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It happens every year around this time – the official clubhouse of the Cherryfield Chowder and Marching Society becomes a veritable beehive of activity. That's because the 157 year-old Cherryfield society is the official sponsor of the riverside town's annual Fourth of July parade, the largest Fourth of July parade (per-capita) in the nation, according to NPR, National Parade Raters, LLC.
The Society was founded by a group of local businessmen who liked sharing the simple pleasure of sitting down to steaming bowls of chowder, clam, fish or corn. Like most organizations, they evolved and eventually they added marching
to the mix. After enjoying a steaming bowl of chowder members would stand and
begin marching around the tables. Soon, band instruments and uniforms were added and before long they were known as the Cherryfield Chowder and Marching Society Band.
In July of 1863, after a particularly good batch of fish chowder, the members threw the doors to their clubhouse open and began marching down Main Street, and the Cherryfield Fourth of July parade was born. For the townspeople of it was a jaw-dropping experience and society members have been dropping jaws ever since with their precision marching and spectacular instrumentation.
Now the historic parade has not only a Grand Marshall, but the Society member in charge of the parade is humbly known as Cherryfield's commander-in-chief. As such he directs a small but disciplined army of chairmen and co-chairmen assigned to each of the parade's 80 to 90 units.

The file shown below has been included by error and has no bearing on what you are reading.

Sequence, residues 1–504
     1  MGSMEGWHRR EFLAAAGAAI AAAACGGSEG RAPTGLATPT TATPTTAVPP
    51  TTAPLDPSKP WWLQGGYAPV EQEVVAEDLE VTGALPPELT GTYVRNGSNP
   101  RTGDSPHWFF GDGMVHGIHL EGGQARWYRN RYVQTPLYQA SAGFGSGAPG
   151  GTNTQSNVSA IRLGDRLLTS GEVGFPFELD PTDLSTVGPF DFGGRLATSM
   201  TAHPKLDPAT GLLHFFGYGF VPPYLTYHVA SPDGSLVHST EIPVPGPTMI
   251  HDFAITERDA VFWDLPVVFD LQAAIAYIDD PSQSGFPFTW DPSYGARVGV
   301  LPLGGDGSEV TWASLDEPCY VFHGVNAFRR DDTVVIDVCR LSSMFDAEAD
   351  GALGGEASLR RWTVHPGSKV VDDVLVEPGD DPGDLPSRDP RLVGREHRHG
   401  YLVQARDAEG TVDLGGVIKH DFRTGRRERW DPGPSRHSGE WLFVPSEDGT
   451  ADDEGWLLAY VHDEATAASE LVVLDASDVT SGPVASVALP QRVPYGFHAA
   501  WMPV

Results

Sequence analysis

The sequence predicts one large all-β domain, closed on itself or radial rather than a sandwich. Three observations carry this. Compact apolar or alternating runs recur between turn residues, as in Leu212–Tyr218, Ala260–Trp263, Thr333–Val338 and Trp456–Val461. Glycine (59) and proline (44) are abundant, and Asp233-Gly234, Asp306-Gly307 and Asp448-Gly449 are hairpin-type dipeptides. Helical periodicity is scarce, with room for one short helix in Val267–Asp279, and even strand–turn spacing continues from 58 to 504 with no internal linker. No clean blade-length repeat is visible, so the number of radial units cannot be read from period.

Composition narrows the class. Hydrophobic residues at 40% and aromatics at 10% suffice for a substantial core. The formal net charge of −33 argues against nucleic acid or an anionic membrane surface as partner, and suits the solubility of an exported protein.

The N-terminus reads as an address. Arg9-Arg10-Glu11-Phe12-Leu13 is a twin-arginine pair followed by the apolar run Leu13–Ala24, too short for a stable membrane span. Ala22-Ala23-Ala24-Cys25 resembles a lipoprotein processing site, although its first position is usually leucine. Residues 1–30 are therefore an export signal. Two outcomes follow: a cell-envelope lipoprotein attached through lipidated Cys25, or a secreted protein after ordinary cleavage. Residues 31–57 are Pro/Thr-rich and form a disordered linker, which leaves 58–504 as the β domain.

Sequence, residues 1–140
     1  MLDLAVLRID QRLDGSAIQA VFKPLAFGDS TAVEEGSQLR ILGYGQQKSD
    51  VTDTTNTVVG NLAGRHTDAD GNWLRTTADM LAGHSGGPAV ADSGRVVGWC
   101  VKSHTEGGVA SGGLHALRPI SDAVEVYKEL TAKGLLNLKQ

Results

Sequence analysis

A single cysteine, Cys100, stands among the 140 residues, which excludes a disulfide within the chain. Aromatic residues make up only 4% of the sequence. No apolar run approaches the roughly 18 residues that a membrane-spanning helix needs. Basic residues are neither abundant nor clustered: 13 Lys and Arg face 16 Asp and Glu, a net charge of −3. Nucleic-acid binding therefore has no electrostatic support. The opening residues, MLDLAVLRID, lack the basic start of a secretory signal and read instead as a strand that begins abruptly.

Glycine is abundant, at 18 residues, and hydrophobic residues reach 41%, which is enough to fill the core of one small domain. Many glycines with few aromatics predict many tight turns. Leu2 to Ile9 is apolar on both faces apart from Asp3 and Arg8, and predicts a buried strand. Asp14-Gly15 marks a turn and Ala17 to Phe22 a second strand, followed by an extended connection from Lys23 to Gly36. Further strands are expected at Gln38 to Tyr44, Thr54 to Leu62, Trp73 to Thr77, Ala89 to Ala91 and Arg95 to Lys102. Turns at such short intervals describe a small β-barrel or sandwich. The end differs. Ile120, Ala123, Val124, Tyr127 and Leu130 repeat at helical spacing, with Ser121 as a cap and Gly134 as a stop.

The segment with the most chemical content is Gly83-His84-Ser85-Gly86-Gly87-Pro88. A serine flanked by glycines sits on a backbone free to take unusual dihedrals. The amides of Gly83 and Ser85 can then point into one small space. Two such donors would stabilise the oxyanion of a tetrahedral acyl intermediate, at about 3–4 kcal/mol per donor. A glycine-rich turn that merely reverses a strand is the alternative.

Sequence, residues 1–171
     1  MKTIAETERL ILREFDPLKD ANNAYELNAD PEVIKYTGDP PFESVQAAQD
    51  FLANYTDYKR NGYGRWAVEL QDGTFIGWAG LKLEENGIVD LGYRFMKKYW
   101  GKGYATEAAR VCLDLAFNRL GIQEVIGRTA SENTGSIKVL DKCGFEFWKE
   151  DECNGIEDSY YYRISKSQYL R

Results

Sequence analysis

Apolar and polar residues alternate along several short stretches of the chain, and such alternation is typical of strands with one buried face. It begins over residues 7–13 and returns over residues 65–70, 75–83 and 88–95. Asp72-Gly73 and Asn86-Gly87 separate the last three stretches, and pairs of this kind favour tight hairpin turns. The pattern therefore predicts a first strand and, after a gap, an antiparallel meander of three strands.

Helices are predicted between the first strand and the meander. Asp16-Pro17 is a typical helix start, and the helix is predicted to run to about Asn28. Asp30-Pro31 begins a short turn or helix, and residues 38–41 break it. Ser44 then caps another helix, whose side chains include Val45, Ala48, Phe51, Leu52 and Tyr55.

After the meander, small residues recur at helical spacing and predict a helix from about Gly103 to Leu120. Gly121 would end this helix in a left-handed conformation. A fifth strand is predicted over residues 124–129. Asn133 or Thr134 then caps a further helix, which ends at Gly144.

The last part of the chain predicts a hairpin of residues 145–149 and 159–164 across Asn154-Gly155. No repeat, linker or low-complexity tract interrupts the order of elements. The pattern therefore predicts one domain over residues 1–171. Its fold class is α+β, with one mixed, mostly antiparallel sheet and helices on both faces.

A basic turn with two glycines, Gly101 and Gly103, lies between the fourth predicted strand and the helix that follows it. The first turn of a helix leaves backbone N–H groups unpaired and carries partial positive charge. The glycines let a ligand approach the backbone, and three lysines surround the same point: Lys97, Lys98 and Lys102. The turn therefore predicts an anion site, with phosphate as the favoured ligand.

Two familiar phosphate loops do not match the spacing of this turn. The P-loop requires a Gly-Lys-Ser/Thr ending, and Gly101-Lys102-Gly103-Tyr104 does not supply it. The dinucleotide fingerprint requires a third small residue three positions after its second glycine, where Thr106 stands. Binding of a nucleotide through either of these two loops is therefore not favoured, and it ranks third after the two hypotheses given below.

After every successful parade – and they claim they haven't had a dud yet – Cherryfield Chowder and Marching Society organizers, also known as “Chowderheads,” say they need to immediately begin planning for next year's parade. Now, the town’s venerable parade is so old that it basically plans itself. Since nothing much changes from year to year, and since most town organizations have been working with the Chowderheads for so long and know their place in the parade, most marchers say they could line themselves up blindfolded. Still, organizers insist on getting together right away at the clubhouse for next year’s “planning.” Over the years word has leaked out that the chowder heads really don't start doing any such thing. Mostly what they do is go down to the clubhouse, drink vast quantities of adult beverages and play cards.
One thing the Chowderheads actually do, however, is watch a video of the parade. Because the town is so small and the parade is so lengthy, by the time they get all the members of the American Legion and Legion Auxiliary, the Veterans of Foreign Wars and its Auxiliary, the Volunteer Fire Department and its Auxiliary, the Masons, the Knights of Columbus, the Odd Fellows, Eagles, Rotary, Lions, Kiwanis, the DAR, Job's Daughters, Gold Star Mothers, Eastern Star, the high school band, middle school band, elementary school band, Boy Scouts, Cub Scouts, Girl Scouts, Brownies, Campfire Girls, Little League, Babe Ruth League, T-Ball, and the Farm Team, and I’m sure I’m leaving a number of groups out, stretched out along Main Street, they say there's no one in town left to see the parade.
It was so discouraging that the townspeople finally hired a cameraman from the public access group in Milbridge to tape the parade so they could see it after. After the parade everyone gathers at the town hall, the cameraman rewinds the tape and everyone watches the replay on Ed Beal's 52-inch plasma, which he has trucks down from his place for the occasion.
John McDonald is a humorist and storyteller who performs regularly
throughout New England. John’s e-mail address is
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